It wouldn’t be accurate to say any one play led to Wichita State’s 73-57 victory over East Carolina in the opening round of the American Athletic Conference tournament Thursday night at the FedExForum.
The Shockers, who have now won 10 of their last 12 games, led for 35 minutes and led by double figures for the final 23 minutes to earn a rematch with Temple in Friday’s quarterfinals.
But if there is one takeaway from Thursday’s rout of East Carolina it was one play midway through the first half when Rod Brown dived to steal the ball, Jamarius Burton dived to save it, then Dexter Dennis capped the sequence off with a three-pointer that put WSU up by six points with still more than 29 minutes left.
It was just one winning play easily lost within a game full of them. But plays like that matter more to these Shockers, a young team desperate to meet the Play Angry standard set by their predecessors.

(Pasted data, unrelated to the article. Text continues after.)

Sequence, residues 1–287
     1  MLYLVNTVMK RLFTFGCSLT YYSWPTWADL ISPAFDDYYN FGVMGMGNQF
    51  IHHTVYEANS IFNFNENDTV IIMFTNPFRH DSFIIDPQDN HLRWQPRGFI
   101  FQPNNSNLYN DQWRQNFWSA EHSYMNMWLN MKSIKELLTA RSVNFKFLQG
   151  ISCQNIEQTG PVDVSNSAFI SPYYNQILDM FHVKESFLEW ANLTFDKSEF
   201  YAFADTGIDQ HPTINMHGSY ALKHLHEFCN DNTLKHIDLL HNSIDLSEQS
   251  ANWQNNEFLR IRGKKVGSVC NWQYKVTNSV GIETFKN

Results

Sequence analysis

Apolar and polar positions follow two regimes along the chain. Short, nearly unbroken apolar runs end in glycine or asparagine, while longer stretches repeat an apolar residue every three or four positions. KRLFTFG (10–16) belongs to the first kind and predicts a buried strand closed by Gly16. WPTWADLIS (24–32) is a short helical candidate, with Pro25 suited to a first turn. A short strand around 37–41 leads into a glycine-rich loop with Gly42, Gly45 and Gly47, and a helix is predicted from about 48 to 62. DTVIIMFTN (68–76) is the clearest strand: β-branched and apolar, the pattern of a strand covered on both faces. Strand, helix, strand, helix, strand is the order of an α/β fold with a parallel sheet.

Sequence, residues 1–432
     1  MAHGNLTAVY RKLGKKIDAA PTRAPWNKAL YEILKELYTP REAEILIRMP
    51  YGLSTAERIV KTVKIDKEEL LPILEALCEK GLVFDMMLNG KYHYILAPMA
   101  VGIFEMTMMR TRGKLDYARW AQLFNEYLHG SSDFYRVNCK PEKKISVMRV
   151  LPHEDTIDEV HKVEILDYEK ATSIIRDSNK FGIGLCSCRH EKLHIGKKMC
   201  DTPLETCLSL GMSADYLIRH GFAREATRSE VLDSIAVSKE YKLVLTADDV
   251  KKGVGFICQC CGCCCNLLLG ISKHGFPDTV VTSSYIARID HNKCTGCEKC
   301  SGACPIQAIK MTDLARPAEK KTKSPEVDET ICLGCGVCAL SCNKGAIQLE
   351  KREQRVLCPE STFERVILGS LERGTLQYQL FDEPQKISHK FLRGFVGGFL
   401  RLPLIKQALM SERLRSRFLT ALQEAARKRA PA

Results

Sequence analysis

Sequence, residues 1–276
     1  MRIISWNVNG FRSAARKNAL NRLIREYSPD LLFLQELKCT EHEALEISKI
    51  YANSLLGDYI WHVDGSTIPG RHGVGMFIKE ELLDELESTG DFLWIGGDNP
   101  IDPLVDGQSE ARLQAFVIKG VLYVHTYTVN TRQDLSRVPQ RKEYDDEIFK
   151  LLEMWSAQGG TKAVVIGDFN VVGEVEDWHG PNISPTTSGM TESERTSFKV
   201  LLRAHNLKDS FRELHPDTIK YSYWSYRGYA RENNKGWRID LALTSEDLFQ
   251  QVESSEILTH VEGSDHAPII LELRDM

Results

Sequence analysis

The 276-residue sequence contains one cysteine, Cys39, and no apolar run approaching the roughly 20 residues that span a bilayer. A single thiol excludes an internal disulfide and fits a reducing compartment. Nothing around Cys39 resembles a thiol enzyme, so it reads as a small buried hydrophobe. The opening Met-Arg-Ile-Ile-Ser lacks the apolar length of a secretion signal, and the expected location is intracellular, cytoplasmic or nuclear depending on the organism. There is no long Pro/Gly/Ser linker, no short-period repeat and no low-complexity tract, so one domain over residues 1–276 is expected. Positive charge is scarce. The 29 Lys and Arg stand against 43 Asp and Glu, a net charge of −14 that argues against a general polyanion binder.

Sign Up and Save
Get six months of free digital access to The Wichita Eagle
“That’s Shocker basketball,” Burton explained. “That’s what gets us fired up.”
Here’s how the play came together:
There was tremendous scouting-report defense by WSU redshirt freshman Rod Brown on East Carolina’s best player, Jayden Gardner. With just under nine minutes left in the first half, ECU tries to use Gardner as a decoy to get him the ball at the top of the lane with an angle to drive.
But Brown sniffs out the play. When Gardner pretends to set a screen in the lane, only to pop out to the perimeter, Brown is there waiting for him with proper denial defense, which nearly leads him to a steal. He doesn’t get it, but it takes away what Gardner wants and he decides to pass the ball around the perimeter.
Gardner follows the pass to set a ball screen, then rolls for a post-up on the left block. Again, Brown delivers fundamentally sound defense. He hard hedges to force the ball handler to pick up his dribble, then jumps back to Gardner.